Energy-saving Innovations: Boston Startups Leading The Way

Energy-saving Innovations: Boston Startups Leading The Way – A water purification system built by Woburn tech startup has been installed at a pharmaceutical company in Singapore. (Photo courtesy of ) JOSEPH LYNCH_ONE DEGREE NORTH PHOTOGRAPHY (SINGAPORE)

Dry conditions in New England have worsened throughout the year, with 57 percent of Massachusetts now in a severe drought. The lack of water is even more acute in the south-west – it is the worst drought in 1,200 years.

Energy-saving Innovations: Boston Startups Leading The Way

Energy-saving Innovations: Boston Startups Leading The Way

Anthropogenic climate change is making droughts more frequent and more severe as higher temperatures accelerate evaporation rates and reduce snowfall. And it’s bringing renewed attention to climate tech startups seeking to solve problems related to the water supply.

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, a 10-year-old company based in a Woburn office park off Route 128, has developed an energy-efficient technology to treat and filter water that is based on the natural cycle of evaporation and precipitation. The company’s equipment is already in use at soda plants for Coca-Cola and Pepsi, semiconductor manufacturing sites for Micron, and pharmaceutical plants for Pfizer and GlaxoSmithKline.

CEO Anurag Bajpayee and CEO Prakash Govindan met as graduate students at MIT in 2008.

But the couple did not bond immediately. Bajpayee was appointed as Govindan’s international student mentor as both had grown up in India. But after an awkward breakfast failed to connect. It wasn’t until they were both working on their PhDs at the Rohsenow Kendall Heat Transfer Lab that they hit it off and found a shared interest in water purification challenges.

Govindan, who grew up in Chennai, the capital of the Indian state of Tamil Nadu, said water was a deeply personal issue. “Chennai has some of the most serious water problems,” he said. “I have seen the importance of water in my life.

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The founders of the Woburn water tech startup, CEO Prakash Govindan and CEO Anurag Bajpayee, met as graduate students at MIT. MATTHEW GUILLORY

It was also already a hot field 15 years ago when the growing fracking industry was consuming huge amounts of water and looking for cheaper treatment technologies.

Beyond their personal interest, “to find your way through high school, you go where the interest is and where the funding is,” Bajpayee said.

Energy-saving Innovations: Boston Startups Leading The Way

In nature, the sun shines on the oceans and causes evaporation. Different bands of air temperature and concentrations of water – known as gradients – cause moisture to rise and form clouds and then rain. (the company) is developing technology that mimics the cycles that rely on tall towers that can be placed near factories to clean wastewater.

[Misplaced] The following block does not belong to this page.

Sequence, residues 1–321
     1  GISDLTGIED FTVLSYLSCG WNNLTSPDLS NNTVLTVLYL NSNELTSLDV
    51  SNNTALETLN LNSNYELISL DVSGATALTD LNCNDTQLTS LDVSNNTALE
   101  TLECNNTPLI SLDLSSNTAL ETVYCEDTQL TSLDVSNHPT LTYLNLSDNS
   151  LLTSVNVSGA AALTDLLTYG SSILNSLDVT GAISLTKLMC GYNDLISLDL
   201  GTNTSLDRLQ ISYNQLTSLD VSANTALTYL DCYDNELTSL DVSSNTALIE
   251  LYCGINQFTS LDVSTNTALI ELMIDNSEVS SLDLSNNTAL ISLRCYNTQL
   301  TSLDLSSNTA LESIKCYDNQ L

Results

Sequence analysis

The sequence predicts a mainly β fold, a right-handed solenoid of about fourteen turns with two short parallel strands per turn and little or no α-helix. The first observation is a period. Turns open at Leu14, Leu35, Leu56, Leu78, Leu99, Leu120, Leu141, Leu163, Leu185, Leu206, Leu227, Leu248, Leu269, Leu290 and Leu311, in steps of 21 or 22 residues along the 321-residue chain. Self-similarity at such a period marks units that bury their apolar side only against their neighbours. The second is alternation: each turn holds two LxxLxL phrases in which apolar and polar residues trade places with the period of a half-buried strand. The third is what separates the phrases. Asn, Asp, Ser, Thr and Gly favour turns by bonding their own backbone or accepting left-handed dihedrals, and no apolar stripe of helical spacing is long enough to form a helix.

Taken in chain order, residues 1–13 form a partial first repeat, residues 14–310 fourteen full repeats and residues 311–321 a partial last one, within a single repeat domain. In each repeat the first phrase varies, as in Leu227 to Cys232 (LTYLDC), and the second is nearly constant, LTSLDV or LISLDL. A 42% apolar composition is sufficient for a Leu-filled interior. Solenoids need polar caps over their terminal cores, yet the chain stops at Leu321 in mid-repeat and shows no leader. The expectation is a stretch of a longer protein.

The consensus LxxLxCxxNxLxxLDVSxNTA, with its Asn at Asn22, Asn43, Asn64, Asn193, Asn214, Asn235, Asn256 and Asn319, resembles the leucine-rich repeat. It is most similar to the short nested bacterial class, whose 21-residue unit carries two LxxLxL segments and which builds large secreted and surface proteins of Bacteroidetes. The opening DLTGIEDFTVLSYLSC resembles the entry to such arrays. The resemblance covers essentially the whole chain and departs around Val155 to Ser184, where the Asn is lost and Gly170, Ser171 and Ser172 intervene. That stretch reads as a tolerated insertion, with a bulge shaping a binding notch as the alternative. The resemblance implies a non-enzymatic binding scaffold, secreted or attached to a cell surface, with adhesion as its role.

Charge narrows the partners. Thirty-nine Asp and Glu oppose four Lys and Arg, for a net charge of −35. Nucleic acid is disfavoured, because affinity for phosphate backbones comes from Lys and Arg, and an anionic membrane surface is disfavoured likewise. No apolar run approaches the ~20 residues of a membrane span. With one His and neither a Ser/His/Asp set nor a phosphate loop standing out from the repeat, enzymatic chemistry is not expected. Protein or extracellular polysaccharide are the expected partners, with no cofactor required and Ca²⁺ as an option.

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“Nature has the advantage that the entire surface area of ​​the oceans is freely accessible and a free source of energy from the sun,” explains Govindan. “We need to engineer this into a compact, highly efficient and energy-efficient industrial unit.”

Has annual sales of over $100 million and is profitable, the co-founders said. The company employs about 500 people worldwide and is expanding in Boston and elsewhere.

The company and rival water-tech start-ups are benefiting from a trend toward decentralization of water treatment, said venture capitalist Peter Yolles of Echo River Capital. Yolles, who has not invested in , said the old model of huge municipal facilities cannot handle the runoff from manufacturing plants that produce a wide range of pollutants.

“New chemicals from biopharmaceuticals, for example, cannot be processed or even identified by older facilities,” Yolles said. “This leads to small plants built on the site where the water is used, which can recycle and treat what is produced on site.”

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The CHIPS Act, which was signed into law on Tuesday by President Biden, was supposed to spur even faster growth on the . The law subsidizes semiconductor manufacturing in the United States, and customers including Micron and Global Foundries all announced expansion plans as a result of its passage.

“We brought our technology to Taiwan and Singapore, where chips were made,” Govindan said. “Now it’s like we’re importing back into the United States.”

Lorem ipsum dolor sit amet, consectetur adipiscing elit. Ud elit tellus, luctus nec ullamcorper mattis, pulvinar dapibus leo. A consortium of eight of the leading global utility companies has selected Simple Energy as one of the 12 companies for a new, first-of-its-kind innovation program. The utilities – AusNet Services, Dubai Electricity and Water Authority (DEWA), ESB Ireland (Electricity Supply Board), EDP (Energias de Portugal), innogy SE, Origin Energy, Singapore Power and Tokyo Electric Power Company (TEPCO) – created the program, called Free Electrons, to identify companies to scale around the world through pilot programs and investments.

Energy-saving Innovations: Boston Startups Leading The Way